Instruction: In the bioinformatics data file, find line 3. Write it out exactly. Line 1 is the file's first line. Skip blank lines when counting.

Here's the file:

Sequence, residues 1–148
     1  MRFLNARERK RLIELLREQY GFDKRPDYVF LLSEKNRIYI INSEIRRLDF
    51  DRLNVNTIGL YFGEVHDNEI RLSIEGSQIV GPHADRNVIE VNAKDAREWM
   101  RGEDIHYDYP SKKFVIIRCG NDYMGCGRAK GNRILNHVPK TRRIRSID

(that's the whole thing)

    51  DRLNVNTIGL YFGEVHDNEI RLSIEGSQIV GPHADRNVIE VNAKDAREWM